Jun 13, 2008

The Other Side of the Classroom

For the past month I've been attending Japanese lessons at a community center here in Narita. They're free, open to all foreigners living here, and have become one of the highlights of my week. When I first got there, I was a bit surprised to find that I was the only Westerner in the class- I sort of assumed that there would be some other English teachers, or people involved in international trade who work either at or near the airport. No such thing. The class is mostly Chinese, Fillipinos and Koreans, with a few other students from South America. As an American, I'm a curiosity.

Being there has been immensely good for my teaching. When I was taking private lessons in Okayama, helped me immensely to see things from the student's perspective, to suddenly see the format of an EFL lesson turned back at me. But, I was all alone there, with a teacher who could explain the finer points of grammar in perfect English. Now, I'm in a large group lesson entirely in Japanese and I'm quite impressed with how the main teacher organizes the class and is able to communicate to a variety of students in a second language. I see her using a lot of methods that I've learned- she uses pictures, speaks at a reasonable pace, uses a variety of examples, and puts grammar and even uses stupid jokes as a way of keeping things interesting. Fun times. She's great- every time I leave one of her classes I feel very, very good about learning Japanese, and I want to crack open one of my books and study more.

However, that's only the main teacher. There are a few others there, and they suck horribly. Really, really horribly.

The first time I was there, one of the backup teachers, this middle-aged woman, decided to hover over me and perpetually ask if I understood what was going on. For the most part, I was getting things fine, but I told her honestly a few times that I didn't quite understand something. That was a bad idea.

While the main lesson was going on, she leaned over my shoulder and started talking to me at a rapid-fire pace. I can only assume she was giving me some impromptu lecture about the finer points of Japanese grammar, and I didn't understand a word of it. I really, really wanted her to shut up so I could just listen to the lesson and figure out stuff on my own from context. I eventually told her that I understood just to make her go away, and I know sort of cringe when she starts talking in class. I doubt any of the other students understand her, either.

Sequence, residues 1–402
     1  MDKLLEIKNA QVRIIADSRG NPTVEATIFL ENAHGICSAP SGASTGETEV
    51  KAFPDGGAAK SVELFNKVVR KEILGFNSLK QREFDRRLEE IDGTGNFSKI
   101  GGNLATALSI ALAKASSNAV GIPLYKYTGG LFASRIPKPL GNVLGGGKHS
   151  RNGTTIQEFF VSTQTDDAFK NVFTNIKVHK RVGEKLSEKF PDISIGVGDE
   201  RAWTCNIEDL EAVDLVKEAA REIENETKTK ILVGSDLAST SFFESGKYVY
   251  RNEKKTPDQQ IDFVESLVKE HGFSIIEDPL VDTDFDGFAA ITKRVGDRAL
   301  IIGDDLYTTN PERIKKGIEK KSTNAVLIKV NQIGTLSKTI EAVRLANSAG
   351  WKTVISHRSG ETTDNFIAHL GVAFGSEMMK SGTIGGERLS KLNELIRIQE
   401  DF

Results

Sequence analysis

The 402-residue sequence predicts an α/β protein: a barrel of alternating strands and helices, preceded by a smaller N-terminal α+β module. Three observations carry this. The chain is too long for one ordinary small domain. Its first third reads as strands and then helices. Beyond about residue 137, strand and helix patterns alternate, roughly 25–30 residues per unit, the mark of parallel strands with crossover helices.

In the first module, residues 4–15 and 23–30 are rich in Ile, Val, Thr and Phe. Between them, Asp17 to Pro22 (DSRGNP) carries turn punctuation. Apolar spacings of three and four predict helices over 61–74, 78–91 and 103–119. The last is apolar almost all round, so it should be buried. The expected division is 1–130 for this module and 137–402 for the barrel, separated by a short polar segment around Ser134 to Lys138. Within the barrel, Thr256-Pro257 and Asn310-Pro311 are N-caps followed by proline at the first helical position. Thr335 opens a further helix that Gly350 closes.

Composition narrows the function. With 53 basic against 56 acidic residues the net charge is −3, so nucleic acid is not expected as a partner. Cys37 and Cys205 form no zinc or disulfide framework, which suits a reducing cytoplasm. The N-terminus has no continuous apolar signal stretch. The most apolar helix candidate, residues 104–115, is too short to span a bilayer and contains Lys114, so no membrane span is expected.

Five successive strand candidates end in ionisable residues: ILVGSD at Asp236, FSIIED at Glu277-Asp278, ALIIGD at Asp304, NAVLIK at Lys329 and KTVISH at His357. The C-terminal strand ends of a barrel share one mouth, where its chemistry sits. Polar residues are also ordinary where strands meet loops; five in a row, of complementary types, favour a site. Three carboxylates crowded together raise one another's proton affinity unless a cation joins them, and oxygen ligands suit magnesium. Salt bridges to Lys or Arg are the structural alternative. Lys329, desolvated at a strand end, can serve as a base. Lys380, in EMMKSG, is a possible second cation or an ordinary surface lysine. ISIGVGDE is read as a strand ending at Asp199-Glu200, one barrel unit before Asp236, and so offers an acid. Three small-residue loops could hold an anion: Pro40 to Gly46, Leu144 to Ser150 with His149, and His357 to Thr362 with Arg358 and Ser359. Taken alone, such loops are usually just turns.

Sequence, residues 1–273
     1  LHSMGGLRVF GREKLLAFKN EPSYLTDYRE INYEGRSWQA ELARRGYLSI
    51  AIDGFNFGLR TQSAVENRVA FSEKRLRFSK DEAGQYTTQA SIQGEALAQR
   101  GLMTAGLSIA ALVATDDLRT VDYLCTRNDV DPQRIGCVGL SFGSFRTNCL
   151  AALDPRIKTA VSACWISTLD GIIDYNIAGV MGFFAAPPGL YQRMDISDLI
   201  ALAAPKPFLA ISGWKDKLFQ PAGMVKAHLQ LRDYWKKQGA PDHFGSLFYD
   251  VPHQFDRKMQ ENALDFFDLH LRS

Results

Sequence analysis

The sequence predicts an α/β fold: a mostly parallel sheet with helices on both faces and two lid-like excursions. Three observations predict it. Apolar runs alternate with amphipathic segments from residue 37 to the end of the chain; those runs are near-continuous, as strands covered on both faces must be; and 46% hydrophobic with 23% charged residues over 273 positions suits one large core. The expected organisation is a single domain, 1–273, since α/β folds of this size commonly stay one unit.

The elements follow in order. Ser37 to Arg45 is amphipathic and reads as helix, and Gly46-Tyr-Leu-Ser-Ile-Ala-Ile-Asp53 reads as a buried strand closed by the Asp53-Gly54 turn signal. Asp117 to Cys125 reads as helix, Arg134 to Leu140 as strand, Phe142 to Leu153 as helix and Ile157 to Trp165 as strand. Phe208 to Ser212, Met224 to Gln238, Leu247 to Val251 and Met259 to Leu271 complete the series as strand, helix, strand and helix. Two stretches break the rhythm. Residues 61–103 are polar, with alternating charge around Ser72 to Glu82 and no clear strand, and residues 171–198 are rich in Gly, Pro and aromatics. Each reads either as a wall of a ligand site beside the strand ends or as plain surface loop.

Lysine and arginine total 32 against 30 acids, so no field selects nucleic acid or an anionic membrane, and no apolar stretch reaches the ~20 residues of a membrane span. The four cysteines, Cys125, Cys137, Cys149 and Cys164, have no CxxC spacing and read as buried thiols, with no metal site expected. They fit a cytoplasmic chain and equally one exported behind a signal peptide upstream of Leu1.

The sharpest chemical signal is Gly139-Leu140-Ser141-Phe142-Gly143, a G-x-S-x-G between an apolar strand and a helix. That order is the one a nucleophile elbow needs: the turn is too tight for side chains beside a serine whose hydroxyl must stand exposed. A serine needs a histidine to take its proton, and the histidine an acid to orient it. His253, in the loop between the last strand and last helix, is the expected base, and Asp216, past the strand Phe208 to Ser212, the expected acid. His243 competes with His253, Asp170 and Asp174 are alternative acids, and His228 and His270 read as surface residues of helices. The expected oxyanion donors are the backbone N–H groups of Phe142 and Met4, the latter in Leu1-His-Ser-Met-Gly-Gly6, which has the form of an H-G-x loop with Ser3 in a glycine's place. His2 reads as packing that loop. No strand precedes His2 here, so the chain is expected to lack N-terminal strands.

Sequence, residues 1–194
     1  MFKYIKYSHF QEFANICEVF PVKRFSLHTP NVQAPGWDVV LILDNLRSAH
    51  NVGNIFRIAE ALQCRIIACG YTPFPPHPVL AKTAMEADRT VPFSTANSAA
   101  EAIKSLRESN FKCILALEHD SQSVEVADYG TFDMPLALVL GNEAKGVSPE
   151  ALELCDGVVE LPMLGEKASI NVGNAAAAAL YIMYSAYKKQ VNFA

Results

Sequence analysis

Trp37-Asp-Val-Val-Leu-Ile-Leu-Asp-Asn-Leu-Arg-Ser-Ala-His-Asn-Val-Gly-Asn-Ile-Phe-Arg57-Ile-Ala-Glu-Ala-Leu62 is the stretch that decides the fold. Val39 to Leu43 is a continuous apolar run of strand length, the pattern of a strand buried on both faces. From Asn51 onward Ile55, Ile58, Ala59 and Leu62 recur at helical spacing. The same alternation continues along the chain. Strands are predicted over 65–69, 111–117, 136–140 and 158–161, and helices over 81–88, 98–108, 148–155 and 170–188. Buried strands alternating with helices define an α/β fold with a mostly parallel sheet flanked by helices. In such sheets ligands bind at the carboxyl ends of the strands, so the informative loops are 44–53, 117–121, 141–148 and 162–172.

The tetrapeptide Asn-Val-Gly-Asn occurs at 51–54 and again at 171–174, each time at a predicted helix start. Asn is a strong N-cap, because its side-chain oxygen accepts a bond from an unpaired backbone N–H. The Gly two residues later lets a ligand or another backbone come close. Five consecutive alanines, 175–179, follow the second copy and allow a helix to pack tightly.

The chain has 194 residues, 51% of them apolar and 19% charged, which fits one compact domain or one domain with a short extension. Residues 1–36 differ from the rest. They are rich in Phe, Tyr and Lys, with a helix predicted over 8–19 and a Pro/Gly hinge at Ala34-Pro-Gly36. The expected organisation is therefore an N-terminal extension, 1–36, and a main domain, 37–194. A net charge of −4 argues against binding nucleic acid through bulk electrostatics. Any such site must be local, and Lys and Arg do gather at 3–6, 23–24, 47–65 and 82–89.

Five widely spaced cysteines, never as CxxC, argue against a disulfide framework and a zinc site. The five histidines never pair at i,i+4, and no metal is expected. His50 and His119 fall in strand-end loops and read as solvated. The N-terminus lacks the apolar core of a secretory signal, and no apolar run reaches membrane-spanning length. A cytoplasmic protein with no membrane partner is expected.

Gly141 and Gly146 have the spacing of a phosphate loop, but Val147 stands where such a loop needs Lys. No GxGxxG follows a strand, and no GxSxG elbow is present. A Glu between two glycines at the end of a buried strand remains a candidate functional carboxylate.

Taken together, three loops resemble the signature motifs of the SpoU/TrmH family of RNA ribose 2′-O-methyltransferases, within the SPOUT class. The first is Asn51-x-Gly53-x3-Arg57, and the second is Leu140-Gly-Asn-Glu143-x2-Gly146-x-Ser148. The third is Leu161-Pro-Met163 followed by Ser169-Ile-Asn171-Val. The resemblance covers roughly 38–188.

Two weeks ago, though, the main teacher, the good one, was gone. The class was wholly in the hands of the woman who I couldn't understand at all, and this old guy who, rather annoyingly, spoke a bit of English. I say annoyingly, because he translated just about everything he wrote on the board into English, and looked directly at me whenever he said anything. I was a bit uncomfortable with this- there was a whole room of Asian gaijin, and he was giving special attention to the lone white guy. I might have been imagining it, but I found it sort of squirmy in a racially weird way.

So, without the main teacher, class sucked. It was disorganized, the two backup instructors got almost nothing from blank looks from the class. They didn't contextualize anything- no pictures, not much in the way of hand gestures, no props, and not even very many simple explanations. Instead, it was very lecture-like and when they did ask for class participation all they got was uncomfortable and uncomprehending nonreaction. So, we broke into a bunch of side conversations.

I didn't pay any real attention to the backup teachers, and instead had an absolutely hilarious conversation with these two Chinese girls. I told them about traveling to China, and one of them happened to be from Shanghai, which was cool. They asked me about America, aboutbeing a teacher, and explained to me how they had to go back and forth from China to Japan fairly often for visa reasons (I don't think it's all that easy for Chinese to travel abroad) and all was going swimmingly until I asked one of them what she did for work.

She said that she worked at a minsetsu no tokoro.

I had no idea what the hell that was. Some kind of place, as that's what tokoro means, but I didn't know what minsetsu meant. I asked her and she said that "minsetsu is talking." Rather unfeministly of me, I assumed that she worked at a hostess bar, one of those places where business men pay stupid amounts of money to have hot chicks pour their drinks and chat with them. She was definitely cute enough to do something like that, and I began a line of questioning asking whether or not she was a hostess, whereupon he and her friend laughed, tried to correct me, and then called over this Fillipino woman, who kinda/sorta speaks English, to translate.

"How do you say minsetsu in English," they asked her. The Fillipino woman thought for a few moments and said to me.


What the fuck did you just say? "Doris?" I asked.

"Hai. Doris."